Of all the British rulers during the period it was perhaps Mountstuart Elphinstone who approached most nearly the acceptance of the policy in its ideal which has been expounded above by M. Chailley. He is remembered by Indians of the present day with greater feelings of affection than perhaps any other British ruler of India. Like all writers in the service of the East India Company he came out to India at a very early age. The early years of his service were spent in the difficult task of diplomacy at Nagpur and Poona during those last eventful days of the Mahratta Confederacy and in still more strenuous duties on the field of battle. He took part in the battle of Assaye as an interpreter on Arthur Wellesley's staff, and was told by his chief that he had missed his vocation and should have been a soldier. He was Resident at Poona during the anxious years leading up to the final overthrow of the Peshwa's power. Indeed, he remained at his post until the last possible moment in face of the gravest personal danger, and while riding to join the British troops at Kirkee looked back on the flames rising from the Residency which had already been set on fire. In the battle itself he showed the greatest resource and courage, and was to a large extent responsible for the victory that ensued. In the House of Commons Canning paid a great tribute to his skill. "Mr. Elphinstone (a name distinguished in the literature as well as the politics in the East) exhibited on that trying occasion military courage and skill which, though valuable accessories to diplomatic talents, we are not entitled to require as necessary qualifications for civil employment. On that, and not on that occasion only, but on many others in the course of this singular campaign, Mr. Elphinstone displayed talents and resources which would have rendered him no mean general in a country where generals are of no mean excellence and reputation."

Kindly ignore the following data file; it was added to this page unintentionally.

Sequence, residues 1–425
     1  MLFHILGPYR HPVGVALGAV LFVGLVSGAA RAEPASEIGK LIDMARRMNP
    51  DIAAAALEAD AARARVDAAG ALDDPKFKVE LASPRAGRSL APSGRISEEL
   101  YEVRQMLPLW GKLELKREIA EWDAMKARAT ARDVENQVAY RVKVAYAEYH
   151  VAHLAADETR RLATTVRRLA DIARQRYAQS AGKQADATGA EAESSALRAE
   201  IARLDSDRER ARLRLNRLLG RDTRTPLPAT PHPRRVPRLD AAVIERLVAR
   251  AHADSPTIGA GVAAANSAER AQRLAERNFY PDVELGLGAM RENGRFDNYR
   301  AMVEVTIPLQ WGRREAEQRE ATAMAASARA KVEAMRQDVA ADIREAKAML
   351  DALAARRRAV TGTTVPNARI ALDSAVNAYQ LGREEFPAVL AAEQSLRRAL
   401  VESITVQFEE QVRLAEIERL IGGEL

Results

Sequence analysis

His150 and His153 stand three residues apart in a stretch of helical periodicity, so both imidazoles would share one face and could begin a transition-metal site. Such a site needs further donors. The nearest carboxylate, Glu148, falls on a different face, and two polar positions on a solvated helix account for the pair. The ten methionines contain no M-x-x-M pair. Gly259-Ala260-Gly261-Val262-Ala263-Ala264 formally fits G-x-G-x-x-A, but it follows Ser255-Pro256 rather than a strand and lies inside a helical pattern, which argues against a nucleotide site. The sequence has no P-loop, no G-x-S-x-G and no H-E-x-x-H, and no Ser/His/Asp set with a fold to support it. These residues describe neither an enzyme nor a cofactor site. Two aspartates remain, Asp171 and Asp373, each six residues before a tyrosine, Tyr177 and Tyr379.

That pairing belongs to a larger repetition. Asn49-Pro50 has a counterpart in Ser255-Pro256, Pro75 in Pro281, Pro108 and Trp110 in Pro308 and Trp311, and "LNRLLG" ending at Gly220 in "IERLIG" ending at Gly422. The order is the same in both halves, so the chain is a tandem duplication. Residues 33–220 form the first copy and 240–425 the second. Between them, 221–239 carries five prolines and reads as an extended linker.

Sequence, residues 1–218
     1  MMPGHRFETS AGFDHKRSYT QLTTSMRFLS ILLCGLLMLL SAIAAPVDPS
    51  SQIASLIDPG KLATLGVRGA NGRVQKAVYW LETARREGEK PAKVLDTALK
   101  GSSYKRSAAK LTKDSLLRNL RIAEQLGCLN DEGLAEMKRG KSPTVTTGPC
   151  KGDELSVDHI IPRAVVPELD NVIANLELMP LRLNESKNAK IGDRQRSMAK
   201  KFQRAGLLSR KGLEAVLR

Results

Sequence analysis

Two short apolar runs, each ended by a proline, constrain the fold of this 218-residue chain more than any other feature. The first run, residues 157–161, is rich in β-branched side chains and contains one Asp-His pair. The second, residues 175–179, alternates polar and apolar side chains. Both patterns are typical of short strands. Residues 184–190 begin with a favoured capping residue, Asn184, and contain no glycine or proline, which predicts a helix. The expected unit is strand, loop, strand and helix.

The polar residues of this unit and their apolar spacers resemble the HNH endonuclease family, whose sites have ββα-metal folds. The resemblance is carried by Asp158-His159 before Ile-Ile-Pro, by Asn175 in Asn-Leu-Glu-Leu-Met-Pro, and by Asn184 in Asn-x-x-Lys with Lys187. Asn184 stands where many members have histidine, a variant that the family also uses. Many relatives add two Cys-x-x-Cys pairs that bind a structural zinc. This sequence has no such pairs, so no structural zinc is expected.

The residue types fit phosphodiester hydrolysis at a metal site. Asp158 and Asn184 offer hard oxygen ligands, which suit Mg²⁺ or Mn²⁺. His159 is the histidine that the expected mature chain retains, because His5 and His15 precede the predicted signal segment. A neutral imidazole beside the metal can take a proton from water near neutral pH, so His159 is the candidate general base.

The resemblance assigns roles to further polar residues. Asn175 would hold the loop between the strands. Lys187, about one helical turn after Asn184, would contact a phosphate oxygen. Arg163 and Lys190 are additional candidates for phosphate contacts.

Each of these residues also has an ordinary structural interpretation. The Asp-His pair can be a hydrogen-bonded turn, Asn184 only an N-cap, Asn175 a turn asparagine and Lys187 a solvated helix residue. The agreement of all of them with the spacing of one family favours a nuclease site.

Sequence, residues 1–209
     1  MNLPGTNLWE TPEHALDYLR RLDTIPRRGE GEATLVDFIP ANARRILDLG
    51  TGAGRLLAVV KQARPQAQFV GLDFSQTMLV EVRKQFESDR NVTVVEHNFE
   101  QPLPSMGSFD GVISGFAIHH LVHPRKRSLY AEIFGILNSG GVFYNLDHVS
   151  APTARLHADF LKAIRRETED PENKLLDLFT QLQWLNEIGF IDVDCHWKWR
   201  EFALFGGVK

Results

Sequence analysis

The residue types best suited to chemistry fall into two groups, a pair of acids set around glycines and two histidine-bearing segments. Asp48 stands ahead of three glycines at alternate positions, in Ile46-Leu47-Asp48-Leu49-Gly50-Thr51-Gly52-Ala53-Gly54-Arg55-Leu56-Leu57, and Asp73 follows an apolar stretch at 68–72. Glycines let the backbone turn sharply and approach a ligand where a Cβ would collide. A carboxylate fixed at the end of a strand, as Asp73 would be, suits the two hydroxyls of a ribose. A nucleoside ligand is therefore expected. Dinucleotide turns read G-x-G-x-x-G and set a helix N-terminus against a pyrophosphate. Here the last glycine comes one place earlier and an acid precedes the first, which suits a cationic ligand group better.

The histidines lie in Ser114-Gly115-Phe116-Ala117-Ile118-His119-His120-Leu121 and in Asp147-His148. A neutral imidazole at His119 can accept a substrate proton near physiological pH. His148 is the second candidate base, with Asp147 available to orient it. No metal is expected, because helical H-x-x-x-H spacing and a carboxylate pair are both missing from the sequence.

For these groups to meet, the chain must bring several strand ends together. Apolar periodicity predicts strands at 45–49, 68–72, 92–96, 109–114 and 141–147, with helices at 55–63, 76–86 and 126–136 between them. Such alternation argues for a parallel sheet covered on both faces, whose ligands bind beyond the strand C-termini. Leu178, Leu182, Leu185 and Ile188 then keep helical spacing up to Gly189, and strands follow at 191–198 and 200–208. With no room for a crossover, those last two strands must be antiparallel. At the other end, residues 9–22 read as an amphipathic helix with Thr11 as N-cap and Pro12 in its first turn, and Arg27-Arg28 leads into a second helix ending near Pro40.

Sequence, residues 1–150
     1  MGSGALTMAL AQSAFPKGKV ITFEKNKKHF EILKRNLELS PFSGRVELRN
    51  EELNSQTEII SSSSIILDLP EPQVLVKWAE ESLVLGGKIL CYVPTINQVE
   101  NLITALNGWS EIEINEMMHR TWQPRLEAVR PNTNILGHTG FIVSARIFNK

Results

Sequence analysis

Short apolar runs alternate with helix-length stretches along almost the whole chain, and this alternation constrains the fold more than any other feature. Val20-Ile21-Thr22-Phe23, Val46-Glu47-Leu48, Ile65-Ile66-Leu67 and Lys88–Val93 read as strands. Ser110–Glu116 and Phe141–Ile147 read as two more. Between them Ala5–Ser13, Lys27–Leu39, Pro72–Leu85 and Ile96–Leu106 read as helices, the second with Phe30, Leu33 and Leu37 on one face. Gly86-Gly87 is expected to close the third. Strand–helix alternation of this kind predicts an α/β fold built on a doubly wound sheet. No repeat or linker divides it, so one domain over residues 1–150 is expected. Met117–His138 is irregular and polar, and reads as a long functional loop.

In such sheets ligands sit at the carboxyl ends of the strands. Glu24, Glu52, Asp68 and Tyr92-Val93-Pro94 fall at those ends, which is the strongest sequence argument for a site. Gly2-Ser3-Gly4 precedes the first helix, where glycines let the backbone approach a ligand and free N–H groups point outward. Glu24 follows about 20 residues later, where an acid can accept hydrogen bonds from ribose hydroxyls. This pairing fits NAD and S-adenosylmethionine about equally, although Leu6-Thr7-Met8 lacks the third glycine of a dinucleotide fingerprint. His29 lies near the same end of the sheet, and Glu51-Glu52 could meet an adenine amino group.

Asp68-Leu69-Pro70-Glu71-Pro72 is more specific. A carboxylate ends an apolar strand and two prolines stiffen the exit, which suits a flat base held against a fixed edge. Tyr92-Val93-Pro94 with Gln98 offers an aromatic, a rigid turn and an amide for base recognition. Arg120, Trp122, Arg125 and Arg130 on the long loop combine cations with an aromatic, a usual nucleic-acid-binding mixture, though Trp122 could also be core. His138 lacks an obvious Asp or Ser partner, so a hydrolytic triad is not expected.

At the conclusion of the war Elphinstone became Commissioner at Poona, and in 1819 was appointed by Canning Governor of Bombay in preference to Munro and Malcolm. It may seem strange that the two Indian races, the Sikh and the Mahratta, who have in their time offered the
most sturdy opposition to the British troops, have so soon after defeat become law-abiding citizens of the British Empire. The peaceful acceptance of British rule by the Sikhs was due mainly to the wisdom and statesmanship of Henry Lawrence, which has been discussed in an earlier volume. And " the rapidity and apparent ease with which the British rule was established over a country of wild valleys and precipitous mountains inhabited by a race of [Mahratta] warriors" was due in the main to Elphinstone. The principles which guided his policy in dealing with a problem demanding so much firmness and sympathy will be explained in the following extract taken from the writings of Mr. Forrest. That Elphinstone could be firm when the occasion demanded it is also shown by an incident also referred to by Mr. Forrest. A plot was engineered by a few Brahmans to restore the Peshwa. Elphinstone at once showed himself a man of iron and ordered the ringleaders to be blown from the cannon's mouth. The Governor of Bombay, while approving of the action, suggested that Elphinstone should ask for an indemnity, but he refused. “If I have done wrong,” he said, “I ought to be punished; if I have done right, I don't want any act of indemnity."